Water Quality Monitoring
The Conservancy's watershed conservation program staff provides technical expertise in identifying and treating all forms of non-point source pollution, such as excess nutrients and fertilizers from agricultural operations and sediment from eroding streambanks. This type of pollution is the leading cause of water quality issues impacting our region’s waterways.
Our trained watershed staff provides technical assistance for water quality and riparian area monitoring, macroinvertebrate sampling, habitat evaluations and monitoring protocol development, among other areas of specialty. Our staff is also available to serve on project steering and technical committees, and advisory boards at the local, state or federal level.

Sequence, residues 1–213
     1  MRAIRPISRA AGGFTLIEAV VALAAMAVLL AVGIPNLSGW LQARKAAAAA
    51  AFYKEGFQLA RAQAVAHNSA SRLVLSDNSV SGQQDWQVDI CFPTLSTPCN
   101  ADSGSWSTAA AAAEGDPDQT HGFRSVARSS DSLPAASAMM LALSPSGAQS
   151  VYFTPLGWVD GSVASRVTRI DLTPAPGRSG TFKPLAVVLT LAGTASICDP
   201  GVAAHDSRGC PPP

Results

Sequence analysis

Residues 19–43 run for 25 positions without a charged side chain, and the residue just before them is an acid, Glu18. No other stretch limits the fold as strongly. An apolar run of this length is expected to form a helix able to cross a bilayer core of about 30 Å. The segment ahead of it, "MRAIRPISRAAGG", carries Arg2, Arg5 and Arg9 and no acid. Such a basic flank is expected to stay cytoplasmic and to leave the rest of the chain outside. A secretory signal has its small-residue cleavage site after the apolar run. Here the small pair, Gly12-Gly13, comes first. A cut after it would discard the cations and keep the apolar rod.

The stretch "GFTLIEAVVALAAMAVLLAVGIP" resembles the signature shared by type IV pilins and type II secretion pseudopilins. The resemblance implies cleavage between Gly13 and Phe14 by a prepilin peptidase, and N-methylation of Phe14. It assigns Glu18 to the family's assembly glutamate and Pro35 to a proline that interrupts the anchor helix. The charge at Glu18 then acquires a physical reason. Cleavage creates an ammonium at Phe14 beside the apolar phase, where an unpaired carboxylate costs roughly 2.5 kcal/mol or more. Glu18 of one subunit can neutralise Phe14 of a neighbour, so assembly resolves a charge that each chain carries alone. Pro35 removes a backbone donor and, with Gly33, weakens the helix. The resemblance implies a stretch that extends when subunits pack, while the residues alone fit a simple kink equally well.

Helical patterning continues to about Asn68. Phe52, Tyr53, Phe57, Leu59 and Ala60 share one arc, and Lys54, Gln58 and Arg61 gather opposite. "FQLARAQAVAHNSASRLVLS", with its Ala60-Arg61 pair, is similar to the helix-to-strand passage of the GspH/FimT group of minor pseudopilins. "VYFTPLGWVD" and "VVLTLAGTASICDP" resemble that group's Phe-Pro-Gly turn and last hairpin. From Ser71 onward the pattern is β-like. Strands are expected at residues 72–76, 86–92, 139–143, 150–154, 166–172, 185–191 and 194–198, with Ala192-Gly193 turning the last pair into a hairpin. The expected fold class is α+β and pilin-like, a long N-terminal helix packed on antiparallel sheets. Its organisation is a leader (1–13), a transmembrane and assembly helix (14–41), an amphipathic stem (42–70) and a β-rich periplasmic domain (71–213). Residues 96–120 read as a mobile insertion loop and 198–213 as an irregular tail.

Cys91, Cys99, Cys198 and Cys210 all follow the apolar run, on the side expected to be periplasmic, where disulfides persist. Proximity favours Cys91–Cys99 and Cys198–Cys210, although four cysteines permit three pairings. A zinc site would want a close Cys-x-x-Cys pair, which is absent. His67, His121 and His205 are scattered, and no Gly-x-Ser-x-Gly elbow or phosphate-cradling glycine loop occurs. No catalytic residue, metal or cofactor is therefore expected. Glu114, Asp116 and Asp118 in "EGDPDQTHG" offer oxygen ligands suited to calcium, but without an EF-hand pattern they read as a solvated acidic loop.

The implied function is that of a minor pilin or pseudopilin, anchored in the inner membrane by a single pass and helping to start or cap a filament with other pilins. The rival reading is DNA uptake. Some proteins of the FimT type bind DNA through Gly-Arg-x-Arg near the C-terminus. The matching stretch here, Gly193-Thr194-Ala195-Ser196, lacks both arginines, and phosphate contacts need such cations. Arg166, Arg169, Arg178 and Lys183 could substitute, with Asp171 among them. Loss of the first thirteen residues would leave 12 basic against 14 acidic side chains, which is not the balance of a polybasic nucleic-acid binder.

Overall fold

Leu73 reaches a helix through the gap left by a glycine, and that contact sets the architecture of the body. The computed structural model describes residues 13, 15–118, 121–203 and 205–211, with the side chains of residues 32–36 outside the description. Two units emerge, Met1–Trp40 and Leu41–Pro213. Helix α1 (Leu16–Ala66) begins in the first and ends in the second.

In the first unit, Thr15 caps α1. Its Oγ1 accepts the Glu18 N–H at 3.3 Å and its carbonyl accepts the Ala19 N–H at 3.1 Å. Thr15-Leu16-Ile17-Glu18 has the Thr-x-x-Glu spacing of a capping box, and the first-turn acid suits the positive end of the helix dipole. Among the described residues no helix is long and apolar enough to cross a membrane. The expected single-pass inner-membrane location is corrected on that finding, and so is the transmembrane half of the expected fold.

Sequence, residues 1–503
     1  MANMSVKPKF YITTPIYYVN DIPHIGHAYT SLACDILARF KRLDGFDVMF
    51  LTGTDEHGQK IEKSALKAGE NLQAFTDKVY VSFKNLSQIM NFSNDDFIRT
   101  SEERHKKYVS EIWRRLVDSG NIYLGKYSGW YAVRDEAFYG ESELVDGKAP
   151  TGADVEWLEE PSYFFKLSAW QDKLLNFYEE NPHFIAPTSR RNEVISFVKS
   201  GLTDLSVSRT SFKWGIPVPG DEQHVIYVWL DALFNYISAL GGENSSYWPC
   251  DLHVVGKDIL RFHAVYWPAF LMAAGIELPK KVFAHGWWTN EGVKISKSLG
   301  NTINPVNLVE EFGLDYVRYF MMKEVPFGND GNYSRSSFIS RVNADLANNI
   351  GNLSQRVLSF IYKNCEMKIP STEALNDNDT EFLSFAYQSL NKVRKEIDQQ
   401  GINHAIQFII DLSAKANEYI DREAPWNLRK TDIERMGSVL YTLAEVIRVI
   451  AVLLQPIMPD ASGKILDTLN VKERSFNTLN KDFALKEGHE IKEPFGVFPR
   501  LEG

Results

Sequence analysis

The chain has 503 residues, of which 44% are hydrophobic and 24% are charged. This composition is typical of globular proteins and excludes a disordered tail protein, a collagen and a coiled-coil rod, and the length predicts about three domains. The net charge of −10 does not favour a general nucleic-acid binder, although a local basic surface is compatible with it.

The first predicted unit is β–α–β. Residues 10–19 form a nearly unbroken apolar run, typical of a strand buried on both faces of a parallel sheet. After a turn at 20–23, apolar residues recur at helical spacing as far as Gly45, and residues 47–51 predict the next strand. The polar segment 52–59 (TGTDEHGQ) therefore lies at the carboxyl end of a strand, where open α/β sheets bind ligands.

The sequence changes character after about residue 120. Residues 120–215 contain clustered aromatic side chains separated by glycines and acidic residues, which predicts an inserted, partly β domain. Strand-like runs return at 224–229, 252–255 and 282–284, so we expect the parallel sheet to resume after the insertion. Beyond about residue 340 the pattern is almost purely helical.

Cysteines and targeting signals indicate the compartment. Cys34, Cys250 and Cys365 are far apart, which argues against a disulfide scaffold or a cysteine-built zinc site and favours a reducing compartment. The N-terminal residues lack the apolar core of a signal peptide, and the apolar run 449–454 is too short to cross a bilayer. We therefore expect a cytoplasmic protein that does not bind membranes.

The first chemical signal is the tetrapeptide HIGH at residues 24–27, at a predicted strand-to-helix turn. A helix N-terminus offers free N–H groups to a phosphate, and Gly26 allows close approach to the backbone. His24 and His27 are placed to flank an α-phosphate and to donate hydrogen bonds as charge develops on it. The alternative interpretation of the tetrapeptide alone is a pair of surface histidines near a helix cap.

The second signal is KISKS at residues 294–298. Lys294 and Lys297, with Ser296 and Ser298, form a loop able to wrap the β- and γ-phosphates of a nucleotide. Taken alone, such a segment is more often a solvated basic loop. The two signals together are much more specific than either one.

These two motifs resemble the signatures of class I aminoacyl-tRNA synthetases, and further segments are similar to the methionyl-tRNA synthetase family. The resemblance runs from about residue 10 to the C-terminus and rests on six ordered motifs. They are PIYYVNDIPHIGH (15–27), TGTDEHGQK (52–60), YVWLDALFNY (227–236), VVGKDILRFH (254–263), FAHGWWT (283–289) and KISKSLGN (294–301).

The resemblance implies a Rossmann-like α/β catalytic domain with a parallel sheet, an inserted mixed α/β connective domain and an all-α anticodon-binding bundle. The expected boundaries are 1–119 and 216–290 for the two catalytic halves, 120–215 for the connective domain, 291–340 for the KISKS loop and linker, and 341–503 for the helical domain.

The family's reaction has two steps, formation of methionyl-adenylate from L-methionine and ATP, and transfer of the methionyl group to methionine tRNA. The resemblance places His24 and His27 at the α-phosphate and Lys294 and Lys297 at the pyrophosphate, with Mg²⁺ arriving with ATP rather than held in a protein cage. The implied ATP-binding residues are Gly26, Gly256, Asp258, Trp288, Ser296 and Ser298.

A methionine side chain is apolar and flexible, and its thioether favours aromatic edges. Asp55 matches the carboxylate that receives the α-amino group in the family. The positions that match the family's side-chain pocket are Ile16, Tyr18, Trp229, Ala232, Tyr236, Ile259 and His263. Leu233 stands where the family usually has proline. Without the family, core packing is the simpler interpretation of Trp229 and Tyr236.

Consistent monitoring is essential to assessing a stream’s water quality. The watershed conservation program monitors streambank fencing sites before and after construction, to denote any changes in water quality. Staff will take samples upstream and downstream of the fenced area. If changes occur, our staff will issue reports to document the differences and can assist with ongoing monitoring. Our trained staff considers a number of parameters and indicators when assessing water quality, including:
- Dissolved Oxygen
- Total Dissolved Solids
- Aquatic Macroinvertebrates